Customer acquisition cost, in short, is your best idea of the total cost of acquiring a new customer. This is a crucial metric to master because it helps you to understand the level of resources that you’d need to keep your company attracting new customers to continue its growth.
- Cost per lead (CPL) by source
A lead is a potential customer that has arrived through one of your marketing channels. You now know how to contact them by phone or email.
Qualified leads are the best leads because the individual has in some way expressed a requirement for your services.
Marketing attribution is the process of determining which marketing tactics had the greatest impact on sales or conversions. In our digital age, attribution becomes very difficult to measure because of the overabundance of information and customer contact points.
Marketers need to become familiar with advanced marketing attribution information that aggregates consumer data from different channels.
How to measure
In terms of reporting and analytics of high tempo testing, you could use any of the platforms we have mentioned in earlier analytics tools blog posts. An important part of failing and retrying rapidly is the process of documenting everything. With each experiment, you’d be creating vital institutional knowledge and you will need it as you iterate more and more.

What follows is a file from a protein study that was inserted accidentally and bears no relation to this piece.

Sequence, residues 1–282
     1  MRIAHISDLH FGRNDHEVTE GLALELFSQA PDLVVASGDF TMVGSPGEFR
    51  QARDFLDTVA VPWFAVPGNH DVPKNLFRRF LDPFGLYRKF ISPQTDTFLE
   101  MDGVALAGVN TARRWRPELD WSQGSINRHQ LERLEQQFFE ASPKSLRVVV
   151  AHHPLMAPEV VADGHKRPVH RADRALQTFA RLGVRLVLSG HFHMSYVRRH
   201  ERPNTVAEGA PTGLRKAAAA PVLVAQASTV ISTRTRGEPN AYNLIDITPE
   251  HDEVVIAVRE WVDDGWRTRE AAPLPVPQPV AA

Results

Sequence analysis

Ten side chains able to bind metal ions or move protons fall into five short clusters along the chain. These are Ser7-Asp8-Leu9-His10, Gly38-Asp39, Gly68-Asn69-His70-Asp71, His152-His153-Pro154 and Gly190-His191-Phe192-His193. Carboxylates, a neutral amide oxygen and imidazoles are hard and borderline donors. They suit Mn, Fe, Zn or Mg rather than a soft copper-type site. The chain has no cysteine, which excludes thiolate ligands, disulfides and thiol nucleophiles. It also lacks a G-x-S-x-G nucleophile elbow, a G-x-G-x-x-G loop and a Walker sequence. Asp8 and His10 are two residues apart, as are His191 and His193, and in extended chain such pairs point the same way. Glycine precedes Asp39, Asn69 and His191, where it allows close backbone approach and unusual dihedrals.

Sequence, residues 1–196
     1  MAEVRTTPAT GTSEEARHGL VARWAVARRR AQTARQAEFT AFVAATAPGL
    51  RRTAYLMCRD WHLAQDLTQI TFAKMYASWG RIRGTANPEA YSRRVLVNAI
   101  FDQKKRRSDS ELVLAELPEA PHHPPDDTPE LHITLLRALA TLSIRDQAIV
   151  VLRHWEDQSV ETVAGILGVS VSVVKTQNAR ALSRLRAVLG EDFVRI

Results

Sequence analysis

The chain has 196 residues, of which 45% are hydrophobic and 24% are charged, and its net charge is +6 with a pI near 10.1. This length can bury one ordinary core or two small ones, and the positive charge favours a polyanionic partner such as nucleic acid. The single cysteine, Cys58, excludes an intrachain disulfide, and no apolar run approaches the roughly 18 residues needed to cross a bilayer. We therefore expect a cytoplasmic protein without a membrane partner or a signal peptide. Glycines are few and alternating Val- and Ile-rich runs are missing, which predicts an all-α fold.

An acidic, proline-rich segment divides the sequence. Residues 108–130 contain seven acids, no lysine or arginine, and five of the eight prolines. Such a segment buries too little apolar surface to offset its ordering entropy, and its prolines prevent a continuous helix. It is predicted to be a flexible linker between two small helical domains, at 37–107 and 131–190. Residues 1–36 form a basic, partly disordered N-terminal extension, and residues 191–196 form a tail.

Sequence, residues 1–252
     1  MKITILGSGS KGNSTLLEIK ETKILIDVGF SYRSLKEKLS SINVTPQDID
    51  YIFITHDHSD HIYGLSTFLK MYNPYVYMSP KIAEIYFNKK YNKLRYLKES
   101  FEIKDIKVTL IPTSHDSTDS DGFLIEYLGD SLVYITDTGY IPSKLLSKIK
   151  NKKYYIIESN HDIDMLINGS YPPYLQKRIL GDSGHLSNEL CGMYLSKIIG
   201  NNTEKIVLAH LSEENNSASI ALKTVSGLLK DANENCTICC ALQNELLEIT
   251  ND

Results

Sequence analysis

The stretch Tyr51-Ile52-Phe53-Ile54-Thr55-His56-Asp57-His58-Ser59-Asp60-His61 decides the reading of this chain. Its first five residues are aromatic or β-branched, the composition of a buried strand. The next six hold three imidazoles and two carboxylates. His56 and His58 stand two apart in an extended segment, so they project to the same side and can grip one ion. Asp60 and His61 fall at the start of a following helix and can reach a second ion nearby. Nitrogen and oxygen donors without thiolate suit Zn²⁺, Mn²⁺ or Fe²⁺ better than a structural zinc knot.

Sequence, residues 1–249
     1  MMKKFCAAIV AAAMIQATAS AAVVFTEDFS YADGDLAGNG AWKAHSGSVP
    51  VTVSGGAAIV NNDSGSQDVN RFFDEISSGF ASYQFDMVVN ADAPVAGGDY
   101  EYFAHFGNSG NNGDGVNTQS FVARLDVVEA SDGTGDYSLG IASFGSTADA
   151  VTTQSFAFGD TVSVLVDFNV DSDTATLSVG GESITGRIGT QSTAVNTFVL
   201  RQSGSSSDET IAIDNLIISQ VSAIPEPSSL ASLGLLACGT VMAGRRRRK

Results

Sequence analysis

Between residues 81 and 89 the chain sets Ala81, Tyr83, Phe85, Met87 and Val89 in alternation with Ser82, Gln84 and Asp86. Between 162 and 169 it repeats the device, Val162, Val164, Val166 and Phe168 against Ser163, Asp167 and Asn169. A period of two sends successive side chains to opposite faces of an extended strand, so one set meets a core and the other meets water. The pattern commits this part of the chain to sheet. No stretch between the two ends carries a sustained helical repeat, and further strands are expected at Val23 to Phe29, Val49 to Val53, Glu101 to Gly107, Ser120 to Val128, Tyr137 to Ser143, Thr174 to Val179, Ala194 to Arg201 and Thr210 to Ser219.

High tempo testing is very much like creating a customer journey that has many twists and turns. For measuring and storing this information, you’d need a strong and diversified CRM tool. You could use Salesforce or Hubspot CRM. These class-leading tools allow you to make the most of every customer interaction by creating personalised, cross-channel customer journeys.
This means that you can measure all your desired metrics as you track content and responses across email, mobile, social, web, and more.
In the area of Media Monitoring and Listening, Meltwater and Brandwatch both offer some of the world’s largest source databases, ensuring you will never miss a mention.
When you need to present your findings to senior leadership in the form of Data-Visualisation, you could use Microsoft Power BI or Tableau. These are two strong market players whose tools can show meaningful insights drawn from hundreds of data visualisations.
Some marketing teams treat their content strategy as a template which remains stagnant and does not change. It has certainly worked in the past, as some marketers have been able to build a solid foundation.
But this stagnant approach is dated and will only take you so far in today’s fiercely competitive landscape where brands fight for every inch. This is why it’s so much better to make your marketing campaigns high tempo never-ending journeys of discovery that steadily increase your ROI.